After two weeks, I asked students to conduct a self-assessment and give themselves a grade on their participation in the classroom discussions. I provided direct instruction and a handout (based on Teaching the Core) that helped identify seven ways to participate in classroom discussions. Students were asked to reflect on their participation and give themselves a grade between 1-10 on the quality of their work. The following 48 comments offer insight into what motivates students to participate, or not participate in class discussions.

  1. I did not participate in class discussion because I had not watched the lecture yesterday therefore I could not talk about it.
  2. I didn’t participate because I raised my hand, but I never got picked.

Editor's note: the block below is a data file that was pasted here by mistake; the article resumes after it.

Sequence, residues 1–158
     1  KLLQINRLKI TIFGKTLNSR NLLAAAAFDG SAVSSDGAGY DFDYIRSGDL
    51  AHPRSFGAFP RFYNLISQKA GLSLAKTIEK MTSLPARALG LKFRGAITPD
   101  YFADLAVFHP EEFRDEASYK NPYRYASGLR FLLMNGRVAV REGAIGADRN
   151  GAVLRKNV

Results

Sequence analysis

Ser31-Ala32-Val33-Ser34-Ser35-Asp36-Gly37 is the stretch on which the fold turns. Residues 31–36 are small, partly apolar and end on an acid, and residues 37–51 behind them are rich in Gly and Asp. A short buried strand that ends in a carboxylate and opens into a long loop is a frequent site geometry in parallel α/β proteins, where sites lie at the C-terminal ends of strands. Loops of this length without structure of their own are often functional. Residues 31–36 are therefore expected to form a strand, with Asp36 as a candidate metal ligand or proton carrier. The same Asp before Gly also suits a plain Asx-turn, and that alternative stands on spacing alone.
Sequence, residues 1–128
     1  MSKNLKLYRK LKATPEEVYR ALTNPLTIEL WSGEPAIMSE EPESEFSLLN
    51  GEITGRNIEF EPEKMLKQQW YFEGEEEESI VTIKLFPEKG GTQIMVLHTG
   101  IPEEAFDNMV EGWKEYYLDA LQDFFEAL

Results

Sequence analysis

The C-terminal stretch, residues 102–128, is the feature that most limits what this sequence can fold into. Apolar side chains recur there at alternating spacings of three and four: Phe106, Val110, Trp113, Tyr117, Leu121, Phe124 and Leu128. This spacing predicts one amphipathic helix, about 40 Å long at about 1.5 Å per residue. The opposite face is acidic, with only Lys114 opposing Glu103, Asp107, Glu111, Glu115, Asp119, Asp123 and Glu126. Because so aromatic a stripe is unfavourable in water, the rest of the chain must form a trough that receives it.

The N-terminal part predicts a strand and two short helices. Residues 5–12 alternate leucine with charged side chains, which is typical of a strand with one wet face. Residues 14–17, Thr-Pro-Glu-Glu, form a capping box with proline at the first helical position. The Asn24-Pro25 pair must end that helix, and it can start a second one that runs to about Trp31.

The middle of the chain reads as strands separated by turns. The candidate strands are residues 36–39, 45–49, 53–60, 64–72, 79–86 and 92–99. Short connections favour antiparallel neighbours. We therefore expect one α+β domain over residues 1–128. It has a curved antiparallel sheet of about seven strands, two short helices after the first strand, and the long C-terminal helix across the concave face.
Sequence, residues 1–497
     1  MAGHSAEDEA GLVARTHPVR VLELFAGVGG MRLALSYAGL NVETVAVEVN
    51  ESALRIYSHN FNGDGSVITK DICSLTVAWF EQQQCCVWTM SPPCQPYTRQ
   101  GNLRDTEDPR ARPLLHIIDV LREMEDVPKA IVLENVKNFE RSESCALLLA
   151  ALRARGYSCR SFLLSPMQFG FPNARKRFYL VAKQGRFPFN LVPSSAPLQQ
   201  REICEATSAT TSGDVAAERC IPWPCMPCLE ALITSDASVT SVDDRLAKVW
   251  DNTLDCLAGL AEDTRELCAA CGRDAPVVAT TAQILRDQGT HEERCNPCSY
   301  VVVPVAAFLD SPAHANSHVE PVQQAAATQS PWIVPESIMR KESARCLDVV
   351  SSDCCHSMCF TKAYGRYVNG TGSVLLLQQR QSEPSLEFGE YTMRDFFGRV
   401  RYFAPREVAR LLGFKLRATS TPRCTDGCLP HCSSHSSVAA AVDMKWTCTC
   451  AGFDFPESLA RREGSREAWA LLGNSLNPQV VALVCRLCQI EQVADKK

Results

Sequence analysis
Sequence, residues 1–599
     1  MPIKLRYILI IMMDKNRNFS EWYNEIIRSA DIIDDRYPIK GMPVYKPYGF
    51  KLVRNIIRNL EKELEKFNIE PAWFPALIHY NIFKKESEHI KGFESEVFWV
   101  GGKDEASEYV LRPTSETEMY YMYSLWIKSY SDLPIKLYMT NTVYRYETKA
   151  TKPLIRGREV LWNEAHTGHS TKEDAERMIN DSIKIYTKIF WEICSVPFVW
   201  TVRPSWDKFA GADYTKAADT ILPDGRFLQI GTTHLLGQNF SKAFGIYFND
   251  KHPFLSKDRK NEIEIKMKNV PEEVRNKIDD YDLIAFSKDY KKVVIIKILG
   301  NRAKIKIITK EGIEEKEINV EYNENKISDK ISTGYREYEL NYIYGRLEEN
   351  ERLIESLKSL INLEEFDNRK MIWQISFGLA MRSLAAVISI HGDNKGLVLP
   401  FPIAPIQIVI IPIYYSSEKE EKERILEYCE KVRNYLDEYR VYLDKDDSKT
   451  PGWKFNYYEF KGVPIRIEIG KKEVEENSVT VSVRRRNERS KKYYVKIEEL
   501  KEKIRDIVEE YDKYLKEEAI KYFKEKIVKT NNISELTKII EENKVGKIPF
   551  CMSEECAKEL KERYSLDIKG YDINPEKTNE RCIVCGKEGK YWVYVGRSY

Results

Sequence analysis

3. During the class discussion, I was listening to what they said and I was taking notes. I was going to say something but I guess someone beat me by saying what I wanted to say first.
  4. I wasn’t able to participate in class because I went to the restroom and by the time I came back they were talking to the inner circle. But I had a lot to talk about. Sadly, I didn’t get a chance.
  5. I was not able to participate because I was having trouble understanding the discussion.
  6. I didn’t participate until I became the one to ask questions. I had notes but my notes weren’t very detailed and I couldn’t answer the questions.
  7. I did not participate because I am uncomfortable with public speaking.
  8. I didn’t participate in the class discussion because I always participate and I want others to participate too.
  9. I did not participate because I had no information and I did not watch the lecture notes.